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Complete Collection of Colourful Invertebrates

Maluku, Banda,Spice Islands - all words that conjure up mysterious images and intriguing possibilities. Exploring and diving this remote part of Indonesia offers the chance to witness truly unspoilt beauty in a remote paradise.
Unlike other areas, with high populations and subsequent pressure from fishing, the Bandas\' relatively small human population has been a blessing for divers - offering a vibrant, healthy reef system with fish life in incredible numbers along with huge gorgonians and sponges and some truly monumental hard corals. Expect plenty of pelagics, widespread muck diving and unexplored coral gardens, as well as a rich colonial heritage on land.

Cruises that take in the Banda Sea, often start or end at the famous port of Ambon, offering the chance to dive with the unusual critters of Ambon Bay. Ambon is roughly 830 nautical miles north-east of Bali, or roughly 250 nautical miles south-west, situated within the Maluku Islands archipelago (sometimes seen labeled as the Moluccas or the Spice Islands). Ambon Island lies off the south-west coast of the much larger Seram Island and consists of 2 territories - Maluku Tengah and the main city and port of Ambon, which is also the capital of Maluku province.

Diving in Ambon Bay is at the top of most people\'s to-dive list. The Laha sites are a hidden treasure of amazing critters, including the recently discovered species of frogfish (the psychedelic frogfish) but also Rhinopias, mimic octopus, zebra crabs and dozens of different nudibranch species. A very popular find is the eponymous Ambon Scorpionfish in differing hues of red, pink, green, yellow and orange, keep an eye out for many other members of the scorpionfish family too, including the spiny devilfish, stonefish, zebra lionfish, ragged-finned lionfish and leafy scorpionfish - all venomous but gorgeous! For those who want a change from nosing around after tiny creatures, a shipwreck covered in deep pink and purple soft corals offers a great alternative and is an irresistible lure for the profuse amount of fish in the area.

The Banda Islands are most widely known as one of the main stops along the old spice route. The remoteness of these islands, in the midst of the wide expanses of the Banda Sea has given it a fascinating, colourful history, including the fact that it was once a home to exiles of all sorts. The Banda Islands themselves, are also renowned for presenting picture-perfect views topside.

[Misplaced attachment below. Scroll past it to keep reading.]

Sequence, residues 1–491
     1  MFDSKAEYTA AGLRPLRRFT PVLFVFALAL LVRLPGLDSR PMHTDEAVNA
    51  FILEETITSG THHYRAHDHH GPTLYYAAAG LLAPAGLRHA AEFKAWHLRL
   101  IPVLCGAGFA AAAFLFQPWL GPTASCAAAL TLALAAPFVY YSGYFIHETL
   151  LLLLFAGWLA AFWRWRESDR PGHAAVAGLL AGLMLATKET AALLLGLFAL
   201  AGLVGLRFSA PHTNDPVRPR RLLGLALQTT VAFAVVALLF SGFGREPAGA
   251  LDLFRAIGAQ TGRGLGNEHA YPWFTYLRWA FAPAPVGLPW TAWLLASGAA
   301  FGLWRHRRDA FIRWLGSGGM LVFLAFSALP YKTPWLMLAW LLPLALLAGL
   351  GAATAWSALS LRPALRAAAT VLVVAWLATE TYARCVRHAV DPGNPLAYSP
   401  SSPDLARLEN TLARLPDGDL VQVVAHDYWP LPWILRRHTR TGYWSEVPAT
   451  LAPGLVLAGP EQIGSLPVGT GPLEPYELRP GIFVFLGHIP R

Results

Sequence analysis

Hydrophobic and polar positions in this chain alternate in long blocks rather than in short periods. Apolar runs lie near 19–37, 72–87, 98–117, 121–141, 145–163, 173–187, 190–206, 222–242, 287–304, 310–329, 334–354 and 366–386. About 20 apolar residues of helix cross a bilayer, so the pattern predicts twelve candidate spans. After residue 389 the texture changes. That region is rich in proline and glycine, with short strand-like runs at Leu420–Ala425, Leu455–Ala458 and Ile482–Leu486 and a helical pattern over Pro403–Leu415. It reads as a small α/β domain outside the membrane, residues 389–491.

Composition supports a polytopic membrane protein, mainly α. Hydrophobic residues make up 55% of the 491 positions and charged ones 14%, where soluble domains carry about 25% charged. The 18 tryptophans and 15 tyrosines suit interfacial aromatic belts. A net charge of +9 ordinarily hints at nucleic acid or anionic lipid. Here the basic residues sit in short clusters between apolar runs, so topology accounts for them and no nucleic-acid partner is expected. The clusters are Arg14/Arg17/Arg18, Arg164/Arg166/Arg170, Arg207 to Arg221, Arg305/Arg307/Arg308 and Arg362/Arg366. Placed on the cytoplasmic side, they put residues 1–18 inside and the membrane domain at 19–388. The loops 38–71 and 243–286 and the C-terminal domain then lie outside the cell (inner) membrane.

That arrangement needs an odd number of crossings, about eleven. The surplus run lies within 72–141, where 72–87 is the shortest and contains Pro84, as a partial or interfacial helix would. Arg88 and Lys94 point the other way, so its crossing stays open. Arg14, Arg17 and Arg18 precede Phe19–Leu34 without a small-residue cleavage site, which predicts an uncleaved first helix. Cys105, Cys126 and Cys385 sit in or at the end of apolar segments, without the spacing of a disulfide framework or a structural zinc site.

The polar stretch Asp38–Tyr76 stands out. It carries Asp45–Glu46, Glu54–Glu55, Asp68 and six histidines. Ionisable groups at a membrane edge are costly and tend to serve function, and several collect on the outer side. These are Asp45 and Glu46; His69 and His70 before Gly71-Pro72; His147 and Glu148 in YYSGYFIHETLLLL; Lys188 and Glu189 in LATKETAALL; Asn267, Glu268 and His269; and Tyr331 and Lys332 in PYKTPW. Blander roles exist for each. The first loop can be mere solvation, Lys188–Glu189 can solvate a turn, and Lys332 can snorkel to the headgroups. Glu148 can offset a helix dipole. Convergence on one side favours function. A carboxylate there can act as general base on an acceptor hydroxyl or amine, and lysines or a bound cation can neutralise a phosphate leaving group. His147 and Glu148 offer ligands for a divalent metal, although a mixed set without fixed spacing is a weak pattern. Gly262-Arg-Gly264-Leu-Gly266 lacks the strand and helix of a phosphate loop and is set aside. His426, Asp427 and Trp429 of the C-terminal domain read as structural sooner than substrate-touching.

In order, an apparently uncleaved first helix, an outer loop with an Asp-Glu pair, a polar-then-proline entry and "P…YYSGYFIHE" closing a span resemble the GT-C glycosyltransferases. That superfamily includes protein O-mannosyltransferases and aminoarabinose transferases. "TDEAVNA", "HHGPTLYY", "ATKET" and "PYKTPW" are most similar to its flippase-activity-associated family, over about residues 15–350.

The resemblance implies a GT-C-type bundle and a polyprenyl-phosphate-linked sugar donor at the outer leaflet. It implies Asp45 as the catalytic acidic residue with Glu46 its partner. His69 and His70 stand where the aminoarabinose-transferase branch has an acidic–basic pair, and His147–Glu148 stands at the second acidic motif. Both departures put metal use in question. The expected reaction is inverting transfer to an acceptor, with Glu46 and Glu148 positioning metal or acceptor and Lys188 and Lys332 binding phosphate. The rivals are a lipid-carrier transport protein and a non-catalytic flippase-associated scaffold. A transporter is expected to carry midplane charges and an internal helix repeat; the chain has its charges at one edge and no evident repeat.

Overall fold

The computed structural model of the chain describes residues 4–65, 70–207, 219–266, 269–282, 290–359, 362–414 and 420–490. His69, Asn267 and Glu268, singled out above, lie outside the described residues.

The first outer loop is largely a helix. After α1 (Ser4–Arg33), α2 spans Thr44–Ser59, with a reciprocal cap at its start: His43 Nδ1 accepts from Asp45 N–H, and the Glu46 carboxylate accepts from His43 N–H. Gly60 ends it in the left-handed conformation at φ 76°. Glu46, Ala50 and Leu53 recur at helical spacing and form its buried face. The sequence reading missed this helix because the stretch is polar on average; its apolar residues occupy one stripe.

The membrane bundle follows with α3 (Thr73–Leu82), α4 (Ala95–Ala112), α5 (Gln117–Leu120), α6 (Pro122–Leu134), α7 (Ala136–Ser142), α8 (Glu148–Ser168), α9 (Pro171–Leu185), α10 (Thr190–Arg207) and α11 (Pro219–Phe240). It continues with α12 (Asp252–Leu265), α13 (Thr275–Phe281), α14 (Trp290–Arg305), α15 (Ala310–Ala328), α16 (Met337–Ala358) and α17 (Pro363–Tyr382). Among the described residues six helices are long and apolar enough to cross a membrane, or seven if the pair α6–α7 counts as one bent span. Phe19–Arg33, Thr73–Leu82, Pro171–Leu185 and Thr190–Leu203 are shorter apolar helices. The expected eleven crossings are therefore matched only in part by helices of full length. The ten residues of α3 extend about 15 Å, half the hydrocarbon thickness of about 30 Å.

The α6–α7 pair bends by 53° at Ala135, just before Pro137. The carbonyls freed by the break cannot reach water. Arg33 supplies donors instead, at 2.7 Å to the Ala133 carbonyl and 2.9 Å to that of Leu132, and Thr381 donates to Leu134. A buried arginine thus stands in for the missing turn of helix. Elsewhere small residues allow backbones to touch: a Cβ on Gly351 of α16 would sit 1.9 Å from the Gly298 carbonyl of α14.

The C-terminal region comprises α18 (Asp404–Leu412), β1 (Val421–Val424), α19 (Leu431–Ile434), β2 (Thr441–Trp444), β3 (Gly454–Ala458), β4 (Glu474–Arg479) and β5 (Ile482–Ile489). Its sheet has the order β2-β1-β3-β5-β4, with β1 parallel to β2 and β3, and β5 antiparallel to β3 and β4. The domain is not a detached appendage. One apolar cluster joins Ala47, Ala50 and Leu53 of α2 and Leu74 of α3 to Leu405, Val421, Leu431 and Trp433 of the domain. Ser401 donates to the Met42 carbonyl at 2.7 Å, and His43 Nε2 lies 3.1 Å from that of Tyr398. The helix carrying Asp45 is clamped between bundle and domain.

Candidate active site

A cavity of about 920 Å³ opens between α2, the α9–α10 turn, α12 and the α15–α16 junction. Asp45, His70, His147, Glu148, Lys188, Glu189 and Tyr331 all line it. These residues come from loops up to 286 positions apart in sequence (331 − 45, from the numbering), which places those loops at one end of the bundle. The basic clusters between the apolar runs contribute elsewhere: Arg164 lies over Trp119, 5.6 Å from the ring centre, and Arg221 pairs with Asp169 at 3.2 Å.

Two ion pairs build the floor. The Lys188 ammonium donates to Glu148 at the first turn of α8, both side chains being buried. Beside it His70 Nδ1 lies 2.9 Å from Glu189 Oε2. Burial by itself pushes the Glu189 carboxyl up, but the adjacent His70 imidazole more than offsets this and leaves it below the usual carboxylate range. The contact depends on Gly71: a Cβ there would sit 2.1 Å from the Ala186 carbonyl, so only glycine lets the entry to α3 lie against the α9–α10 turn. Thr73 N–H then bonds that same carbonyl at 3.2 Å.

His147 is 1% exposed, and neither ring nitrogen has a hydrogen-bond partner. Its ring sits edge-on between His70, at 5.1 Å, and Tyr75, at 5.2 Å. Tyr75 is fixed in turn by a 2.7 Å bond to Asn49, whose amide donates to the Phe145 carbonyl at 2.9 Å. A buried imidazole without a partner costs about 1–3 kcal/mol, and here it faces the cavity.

A combination of beautiful and rainbow-colored soft corals, impressive hard corals, sponges, and sea fans serving as shelter for an immeasurable number of critters. Periodic encounters with pelagics including hammer heads. Mola-Mola (the world\'s biggest sunfish) have been spotted in the this area. Tuna, manta rays, turtles, surgeonfish, triggerfish, scorpion fish, ghost pipefish and lionfish are also found in this area.

If you are still not sure, just think that all of the Caribbean reefs together account for only 10 or 20 percent of the species which can be found in Maluku.

These rarely visited seas claim some of the world\'s richest marine environments, making them a macro-lovers paradise due to the number of rare and new species found here, but the region is still home to many pelagics and schooling fish.

A very popular dive area is found at Nusa Laut, which showcases the positive effects of a village taking care of its habitat, where the reef remains as unspoiled as it was hundreds of years ago and a favourite of many dive enthusiasts. We also visit Hukurila Cave, to experience a dive site located underneath two rock arches. These natural formations can be seen from the surface and lead to a swim-through covered in sponges and soft corals making for a great descent into your dive. This site is quite an unusual dive, offering the thrill of making your way through twisting passages and caverns and canyons swarming with life.
One of the major highlights for this trip is the island of Manuk, which offers delights above and below. Topside, it is possible to revel in the spectacle of thousands of seabirds, including comical yet beautiful frigatebirds and boobies. The sight is unforgettable. One of the few phenomena able to rival that display is the vision of a dozen sea snakes undulating and swimming underwater. Some divers have even been lucky enough to watch them hunting in a pack. It is thought that the warm geothermal vents present in these waters attract these cold-blooded creatures in large numbers.

CURRENT gentle to moderate
SEA CONDITIONS can be rough in Banda Sea
SUITABLE FOR beginners-intermediate-advanced
VISIBILITY 10 - 40 mt


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